Sonoma State University president says decision in the works on fall 2020 semester
Sonoma State University President Judy Sakaki says she has little more than one month to sort through all the factors and uncertainties that will go into her decision about how students will resume classes during the fall 2020 semester.
Sakaki, in an interview Monday, said she’s looking at three basic options: in-person classes with pronounced physical distancing and enhanced hygiene; continued remote learning through the rest of the calendar year; or some combination of the two, where large lecture classes might be held online but smaller groups in certain courses might meet on the Rohnert Park campus.
Part of it depends on state and county health orders, part on guidance from the California State University chancellor, and much hinges on what happens over the next few weeks with the coronavirus outbreak in the region and any resulting public health orders.
But Sakaki clarified Monday that the determination about SSU’s approach to fall classes is hers to make, with input from her closest advisers.
“We know we need to make a decision fairly quickly,” Sakaki said, adding that she expected to reach that determination the end of May or early June at the latest.
Awaiting Sakaki’s verdict is a student body that is normally about 9,000, though this year that could vary based on enrollment decisions, and not only for would-be first-year students. Also waiting on word are hundreds of faculty members and college employees unsure about the exact shape of their jobs next semester.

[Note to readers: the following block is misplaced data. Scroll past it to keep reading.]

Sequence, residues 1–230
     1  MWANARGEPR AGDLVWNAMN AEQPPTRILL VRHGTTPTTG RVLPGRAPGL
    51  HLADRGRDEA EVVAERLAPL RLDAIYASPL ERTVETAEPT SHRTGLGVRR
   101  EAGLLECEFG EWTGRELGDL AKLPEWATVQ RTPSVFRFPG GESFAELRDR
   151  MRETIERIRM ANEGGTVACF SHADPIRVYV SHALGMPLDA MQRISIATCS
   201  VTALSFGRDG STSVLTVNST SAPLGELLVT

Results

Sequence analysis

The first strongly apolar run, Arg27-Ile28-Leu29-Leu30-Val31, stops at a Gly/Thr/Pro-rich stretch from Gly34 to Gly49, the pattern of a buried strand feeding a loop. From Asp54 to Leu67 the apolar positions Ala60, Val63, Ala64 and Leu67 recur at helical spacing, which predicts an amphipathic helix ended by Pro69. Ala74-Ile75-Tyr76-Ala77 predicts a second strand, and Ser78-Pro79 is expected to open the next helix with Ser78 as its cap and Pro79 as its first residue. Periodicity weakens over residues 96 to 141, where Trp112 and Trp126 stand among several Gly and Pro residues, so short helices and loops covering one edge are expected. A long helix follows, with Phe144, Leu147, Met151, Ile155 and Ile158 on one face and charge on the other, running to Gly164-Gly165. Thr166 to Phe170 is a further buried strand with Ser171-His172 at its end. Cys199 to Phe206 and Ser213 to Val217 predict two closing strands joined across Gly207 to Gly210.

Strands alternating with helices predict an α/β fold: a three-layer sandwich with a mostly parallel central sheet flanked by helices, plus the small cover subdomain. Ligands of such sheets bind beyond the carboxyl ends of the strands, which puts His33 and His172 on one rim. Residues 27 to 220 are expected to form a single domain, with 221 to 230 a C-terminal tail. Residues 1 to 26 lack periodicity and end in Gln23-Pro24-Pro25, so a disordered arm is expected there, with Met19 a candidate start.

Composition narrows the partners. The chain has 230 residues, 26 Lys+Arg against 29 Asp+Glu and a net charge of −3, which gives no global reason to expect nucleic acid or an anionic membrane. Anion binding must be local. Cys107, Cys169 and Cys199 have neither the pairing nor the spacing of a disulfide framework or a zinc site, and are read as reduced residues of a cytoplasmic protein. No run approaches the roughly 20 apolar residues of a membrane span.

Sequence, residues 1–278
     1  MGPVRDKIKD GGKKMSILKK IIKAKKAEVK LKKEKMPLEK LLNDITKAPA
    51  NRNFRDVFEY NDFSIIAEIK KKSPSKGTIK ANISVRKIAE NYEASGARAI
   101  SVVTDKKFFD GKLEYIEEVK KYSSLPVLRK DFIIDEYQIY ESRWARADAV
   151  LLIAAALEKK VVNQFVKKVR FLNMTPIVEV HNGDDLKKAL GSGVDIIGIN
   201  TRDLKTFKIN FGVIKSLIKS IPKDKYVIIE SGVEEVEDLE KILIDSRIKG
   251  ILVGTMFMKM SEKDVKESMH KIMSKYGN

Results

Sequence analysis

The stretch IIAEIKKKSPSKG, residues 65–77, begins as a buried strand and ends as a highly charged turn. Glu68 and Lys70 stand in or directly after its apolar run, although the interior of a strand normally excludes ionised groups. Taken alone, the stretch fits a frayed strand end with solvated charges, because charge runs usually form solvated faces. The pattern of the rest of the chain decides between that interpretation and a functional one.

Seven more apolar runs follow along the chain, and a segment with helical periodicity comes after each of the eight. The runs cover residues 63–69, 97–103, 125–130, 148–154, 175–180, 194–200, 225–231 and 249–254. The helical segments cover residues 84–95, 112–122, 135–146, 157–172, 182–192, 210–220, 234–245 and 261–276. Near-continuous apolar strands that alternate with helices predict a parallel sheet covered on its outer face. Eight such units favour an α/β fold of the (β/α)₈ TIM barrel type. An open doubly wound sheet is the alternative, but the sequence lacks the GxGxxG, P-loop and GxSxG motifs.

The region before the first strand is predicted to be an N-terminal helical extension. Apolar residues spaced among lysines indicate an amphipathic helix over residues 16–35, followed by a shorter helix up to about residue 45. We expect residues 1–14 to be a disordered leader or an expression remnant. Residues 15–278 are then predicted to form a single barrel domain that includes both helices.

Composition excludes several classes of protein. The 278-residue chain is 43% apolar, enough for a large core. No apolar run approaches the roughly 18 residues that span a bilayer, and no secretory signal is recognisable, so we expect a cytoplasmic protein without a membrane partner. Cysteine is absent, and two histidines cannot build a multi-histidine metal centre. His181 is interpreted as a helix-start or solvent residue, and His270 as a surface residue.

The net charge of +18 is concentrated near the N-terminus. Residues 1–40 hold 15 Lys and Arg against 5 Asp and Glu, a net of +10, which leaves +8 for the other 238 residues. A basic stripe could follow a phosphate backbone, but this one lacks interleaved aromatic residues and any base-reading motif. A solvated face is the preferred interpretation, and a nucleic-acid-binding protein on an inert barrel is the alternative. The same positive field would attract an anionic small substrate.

Another influential group in the campus community: the parents of college-age children whose own return to SSU may be part of the equation.
So there’s no question about the pressure to urgently resolve the issue.
But, amid a deadly global pandemic, it’s no easy matter to balance the kind of uncertainties now facing those who run institutions of higher education. Some have already made their call.
Santa Rosa Junior College announced last week it would extend its remote instruction through the remainder of the calendar year. San Jose State said it is planning to offer online courses and a mix of those taught remotely and in person. The University of California system, meanwhile, said it would only reopen for on-site instruction “when it is safe to do so” — a benchmark that UC officials signaled would be set based on talks with federal, state and local health authorities.
Many are in a similar limbo, according to a list maintained by The Chronicle of Higher Education.
“We are really eager to make the decision,” said Paul Gullixson, an SSU spokesman. “But more than that, we want to make the right decision.”
The scheduled start to fall classes remains Aug. 18.
Incoming freshmen normally would have had until Friday, May 1 to commit make a deposit on tuition and housing if they wanted to reserve a spot.
But as with many schools, SSU has delayed the deadline a month so students can wait for more information before committing.
That hasn’t stopped parents and students from contacting the university and pleading for news so they can make decisions on housing, travel and overnight lodging tied to move-in dates, Sakaki said.
“So we’ve got a little bit of time, and not a lot,” she said.